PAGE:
Their once-not-very activist Jewish friends bristle. If they object, they’re labeled “racist.” In today’s polarized environment, the Jews’ resistance often makes the once-uninvolved friend increasingly anti-Israel, to self-justify.
Suddenly, more non-Jews turn anti-Israel. A few Jews join the bashing, but many others rally around the flag, feeling more proudly Jewish – yet bullied and anxious to hide it, too.
This airborne antisemitism is often unintentional. It’s not yet systemic. But when academics keep condemning Israel hysterically, and so many noncombatants forward it all along so effortlessly, the rot starts cementing, not just seeping in.
THE PARTICIPANTS loved Birthright. Their trip made them, one said, even more aware of the “misinformation out there.” And they confirmed the winter 2019 findings, when over 80% of participants reported opportunities “to think critically about Israel’s challenges” and “express my thoughts and ideas.”
A nursing student who was “hesitant about coming” reported: “I am shocked by the misinformation online. I know it’s all misinformation, but I didn’t know how much. And, I admit, I was a little nervous about whether the information from Birthright would be one-sided. I have been pleasantly surprised by how open it’s been.”
“I am not anti-Palestinian,” another added. “I am pro-Palestinian, but I am also pro-Israel.”
Hearing her, hearing them, I realized that decades of building Birthright’s person-centered, open-minded educational approach was paying off profoundly now.
“One night we did a ‘Social Barometer’ exercise,” a group leader reported. Someone raises a hot issue and people stand by numbers on the wall ranging from +100 to -100 to show how they feel. “They loved it. It was great seeing friends take different stands and discuss it. They insisted on doing it the next night, offering their own topics, whatever was on their mind.”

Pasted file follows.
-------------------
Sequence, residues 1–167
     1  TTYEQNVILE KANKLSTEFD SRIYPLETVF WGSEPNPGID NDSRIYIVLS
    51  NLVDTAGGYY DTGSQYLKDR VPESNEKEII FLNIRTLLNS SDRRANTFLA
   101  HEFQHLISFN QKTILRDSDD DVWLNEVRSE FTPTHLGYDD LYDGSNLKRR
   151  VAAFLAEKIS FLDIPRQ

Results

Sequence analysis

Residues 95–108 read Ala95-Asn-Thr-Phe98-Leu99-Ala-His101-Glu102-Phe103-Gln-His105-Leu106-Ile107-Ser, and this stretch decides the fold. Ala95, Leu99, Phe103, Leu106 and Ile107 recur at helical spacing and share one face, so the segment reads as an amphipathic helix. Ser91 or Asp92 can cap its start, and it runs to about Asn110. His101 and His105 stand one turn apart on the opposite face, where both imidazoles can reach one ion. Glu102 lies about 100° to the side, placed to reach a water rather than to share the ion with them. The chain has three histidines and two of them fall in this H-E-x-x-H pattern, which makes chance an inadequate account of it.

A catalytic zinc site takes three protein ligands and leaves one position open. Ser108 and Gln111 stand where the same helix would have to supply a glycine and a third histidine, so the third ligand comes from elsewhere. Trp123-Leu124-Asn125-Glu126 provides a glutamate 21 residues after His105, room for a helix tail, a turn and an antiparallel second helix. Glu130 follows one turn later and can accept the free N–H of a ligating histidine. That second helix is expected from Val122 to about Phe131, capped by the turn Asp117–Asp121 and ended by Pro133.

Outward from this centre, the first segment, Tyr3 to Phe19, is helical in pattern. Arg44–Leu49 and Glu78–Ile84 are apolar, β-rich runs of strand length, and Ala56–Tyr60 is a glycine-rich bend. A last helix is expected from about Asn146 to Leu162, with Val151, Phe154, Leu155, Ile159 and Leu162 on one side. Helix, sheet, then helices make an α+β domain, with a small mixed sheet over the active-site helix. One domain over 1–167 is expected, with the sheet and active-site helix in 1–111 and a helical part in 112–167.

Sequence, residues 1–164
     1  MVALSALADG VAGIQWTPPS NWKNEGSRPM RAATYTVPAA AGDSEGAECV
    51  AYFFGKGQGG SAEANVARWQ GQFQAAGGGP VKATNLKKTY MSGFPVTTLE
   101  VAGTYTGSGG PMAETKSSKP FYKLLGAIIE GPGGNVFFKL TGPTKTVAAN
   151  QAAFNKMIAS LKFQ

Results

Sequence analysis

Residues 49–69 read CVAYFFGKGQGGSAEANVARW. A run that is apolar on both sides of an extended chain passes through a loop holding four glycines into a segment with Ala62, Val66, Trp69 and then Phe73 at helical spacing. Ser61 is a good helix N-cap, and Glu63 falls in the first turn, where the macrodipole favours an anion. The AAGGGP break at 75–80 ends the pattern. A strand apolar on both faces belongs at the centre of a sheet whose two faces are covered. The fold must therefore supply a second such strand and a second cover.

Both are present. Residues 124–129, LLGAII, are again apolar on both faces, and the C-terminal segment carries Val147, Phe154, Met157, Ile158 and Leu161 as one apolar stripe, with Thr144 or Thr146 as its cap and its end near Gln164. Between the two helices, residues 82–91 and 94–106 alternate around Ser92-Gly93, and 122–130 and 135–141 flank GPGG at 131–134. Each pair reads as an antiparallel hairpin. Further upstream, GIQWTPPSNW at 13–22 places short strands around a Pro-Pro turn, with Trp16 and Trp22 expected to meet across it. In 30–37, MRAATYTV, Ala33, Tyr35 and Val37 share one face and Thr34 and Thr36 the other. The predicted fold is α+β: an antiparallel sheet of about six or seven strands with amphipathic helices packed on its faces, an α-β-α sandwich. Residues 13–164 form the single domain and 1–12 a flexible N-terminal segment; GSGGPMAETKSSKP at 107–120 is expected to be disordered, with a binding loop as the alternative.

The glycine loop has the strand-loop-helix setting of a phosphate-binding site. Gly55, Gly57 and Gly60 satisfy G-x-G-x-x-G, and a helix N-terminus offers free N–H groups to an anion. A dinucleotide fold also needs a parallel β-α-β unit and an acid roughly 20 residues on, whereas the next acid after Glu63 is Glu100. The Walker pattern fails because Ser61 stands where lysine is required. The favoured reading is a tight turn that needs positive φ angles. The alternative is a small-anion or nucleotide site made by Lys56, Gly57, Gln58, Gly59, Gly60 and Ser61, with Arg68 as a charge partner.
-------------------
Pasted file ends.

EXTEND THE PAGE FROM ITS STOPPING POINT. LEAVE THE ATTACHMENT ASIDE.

Clearly, these young people crave real conversation, honest, nuanced analysis, rejecting today’s suffocating propaganda, bullying and doublethink. Being countercultural, Birthright invites them to experience Israel openly – and simply to think freely, talk frankly, to breathe.
MEANWHILE, TOO many Jewish students cower. Too many Jewish parents continue subsidizing and worshiping an increasingly propagandistic university system. And too many Jewish leaders are silent, trying to be on the correct side politically – when this is a struggle over identity. Fearful that if they object to any progressive attacks, they will be deemed racist, Trumpian and un-woke, some see Jew-hatred only from the Right, ignore anti-Zionism’s antisemitism, and double down on criticizing Israel, virtue-signaling themselves.
Leaders, parents, and students must confront the Jew-haters and thought-policers – even within the Jewish community. Reach out calmly, intelligently, to your friends – while shouting out to the world, loud and proud, “I am a Jew! I am a Zionist! I am a freethinker!”
The writer is a distinguished scholar of North American history at McGill University, the author of nine books on American history and three on Zionism, and the voluntary lay chairman of the Birthright-Israel International Education Committee. The views expressed here are his own.